Societies. Photographic Society of Japan. Meeting of December 8th. An ingenious arrangement for photographing from a captive balloon was shown by Mr. K. Ogawa, of the Photographic Laboratory of the General Army and Navy Staff. The camera is suspended on gimbals on a frame so arranged that the ground glass will remain either in a vertical or a horizontal plane or in a plane at any intermediate angle as desired. The exposure can be made by an ingenious electrical arrangement. (at page 71)
Mr. K. Ogawa sent a set of collotypes by himself from negatives made in accordance with the methods of the "New School" of photographers, sometimes called Naturalists. One of the teachings of this cult is that nothing in a photograph should be as sharp as a good photographic lens can make it, and certainly in the prints shown nothing was quite sharp. The pictorial effect was generally admired. (at page 410)
References to K. Ogawa in Anthony's Photographic Bulletin, Volume XXVII, 1896, New York, E. & H.T. Anthony & Company:
At present there is practically only one firm in Japan producing halftone blocks; it is the firm of Mr. K. Ogawa. He brought with him,the whole set of apparatus on his return from America from his visit to the Chicago World's Fair. We cannot say his works are very extensive, but, as the first starting in our country, they may be said to be fairly complete. To say nothing of the common implements used in this kind of work, the size of the works may be apprehended by knowing that the set of apparatus is driven by an oil engine of 7 horse-power.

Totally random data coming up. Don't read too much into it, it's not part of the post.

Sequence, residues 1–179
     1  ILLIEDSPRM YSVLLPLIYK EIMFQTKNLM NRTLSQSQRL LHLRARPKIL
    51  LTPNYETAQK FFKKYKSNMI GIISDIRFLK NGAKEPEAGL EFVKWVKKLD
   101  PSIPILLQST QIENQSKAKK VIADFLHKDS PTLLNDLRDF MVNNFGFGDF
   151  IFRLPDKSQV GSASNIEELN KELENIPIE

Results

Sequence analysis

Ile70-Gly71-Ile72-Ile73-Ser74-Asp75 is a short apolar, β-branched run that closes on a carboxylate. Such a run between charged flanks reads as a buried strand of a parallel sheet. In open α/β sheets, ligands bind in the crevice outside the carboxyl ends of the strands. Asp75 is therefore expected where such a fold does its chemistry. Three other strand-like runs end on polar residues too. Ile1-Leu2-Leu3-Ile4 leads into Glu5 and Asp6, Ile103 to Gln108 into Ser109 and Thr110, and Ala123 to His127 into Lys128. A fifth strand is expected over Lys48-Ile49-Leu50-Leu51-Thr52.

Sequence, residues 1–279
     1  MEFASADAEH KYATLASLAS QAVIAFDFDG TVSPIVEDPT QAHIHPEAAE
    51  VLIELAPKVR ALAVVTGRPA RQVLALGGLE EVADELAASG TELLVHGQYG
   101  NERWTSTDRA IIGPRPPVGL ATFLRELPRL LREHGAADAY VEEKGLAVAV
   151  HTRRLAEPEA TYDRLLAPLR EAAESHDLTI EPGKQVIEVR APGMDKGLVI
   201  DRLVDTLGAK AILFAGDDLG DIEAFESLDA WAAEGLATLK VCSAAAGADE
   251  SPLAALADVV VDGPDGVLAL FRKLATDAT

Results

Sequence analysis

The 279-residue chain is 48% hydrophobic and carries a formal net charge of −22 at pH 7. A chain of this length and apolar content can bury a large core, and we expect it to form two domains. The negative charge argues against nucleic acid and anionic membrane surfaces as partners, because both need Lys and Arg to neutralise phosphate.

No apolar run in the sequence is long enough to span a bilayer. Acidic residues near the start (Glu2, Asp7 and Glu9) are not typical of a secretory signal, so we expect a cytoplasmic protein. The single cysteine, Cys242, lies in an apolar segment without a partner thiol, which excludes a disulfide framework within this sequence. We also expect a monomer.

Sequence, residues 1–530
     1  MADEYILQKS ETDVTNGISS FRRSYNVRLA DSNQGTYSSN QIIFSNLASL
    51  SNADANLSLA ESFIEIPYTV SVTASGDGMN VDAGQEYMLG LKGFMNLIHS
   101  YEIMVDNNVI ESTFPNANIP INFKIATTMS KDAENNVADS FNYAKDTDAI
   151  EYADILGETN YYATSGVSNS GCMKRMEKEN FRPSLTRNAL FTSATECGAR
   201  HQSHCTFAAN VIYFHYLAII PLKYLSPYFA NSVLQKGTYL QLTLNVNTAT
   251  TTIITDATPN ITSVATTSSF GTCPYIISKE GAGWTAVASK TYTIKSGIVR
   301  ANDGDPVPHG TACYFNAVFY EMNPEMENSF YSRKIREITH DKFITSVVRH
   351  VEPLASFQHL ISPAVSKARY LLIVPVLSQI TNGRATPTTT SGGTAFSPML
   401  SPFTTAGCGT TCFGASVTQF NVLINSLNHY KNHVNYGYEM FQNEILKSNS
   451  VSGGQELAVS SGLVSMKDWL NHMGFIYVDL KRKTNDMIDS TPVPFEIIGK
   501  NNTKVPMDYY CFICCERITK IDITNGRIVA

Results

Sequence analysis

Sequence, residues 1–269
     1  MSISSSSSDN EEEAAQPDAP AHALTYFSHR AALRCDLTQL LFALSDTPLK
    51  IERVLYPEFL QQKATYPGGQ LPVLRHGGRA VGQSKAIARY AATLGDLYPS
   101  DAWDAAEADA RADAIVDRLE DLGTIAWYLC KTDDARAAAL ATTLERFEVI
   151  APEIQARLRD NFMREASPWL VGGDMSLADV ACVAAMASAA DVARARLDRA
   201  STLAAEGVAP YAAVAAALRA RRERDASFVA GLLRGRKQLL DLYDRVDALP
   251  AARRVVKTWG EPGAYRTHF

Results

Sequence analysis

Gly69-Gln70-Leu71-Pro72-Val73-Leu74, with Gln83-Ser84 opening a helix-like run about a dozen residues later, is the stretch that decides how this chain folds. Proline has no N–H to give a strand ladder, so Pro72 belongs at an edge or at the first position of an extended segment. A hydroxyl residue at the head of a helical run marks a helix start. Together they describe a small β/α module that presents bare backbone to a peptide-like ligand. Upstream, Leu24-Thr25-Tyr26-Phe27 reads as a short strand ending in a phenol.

The merit of this process, as compared with the hand-engraving process, is the rapidity of reproduction. The merit has been rapidly appreciated in our country in connection with illustrations of the recent war with China. The scenes from the battle-fields are sent by reporters of newspapers who have been competing with each other to have their illustrations used as soon as possible. And it is by the aid of this ingenious process only that they can have them reproduced. The public appreciating its merit, the use is extending in the illustration of periodicals, books, etc., and the firm above mentioned is doing work, both by day and night.
Mr. Tanaka is an amateur, and does his work for amusement only, but we have his kind promise to produce for ourselves the monthly frontispiece of the S/iashin Shimpo. He began his experiments by himself only a year ago, making solutions according to formulas that he found in periodicals, and also according to the directions as given by the dealers in the materials. Of course, his work is all done by hand, using no tools beyond a mere hand-saw.
He made some preliminary experiments, but the adjoining block is the first result of systematic work, and may be interesting as showing how ardent study may lead to results, even in the hands of those who have to rely on books entirely for their information. T. Sato, editor Shashin Shmpo (Japanese Photo News). (at page 23)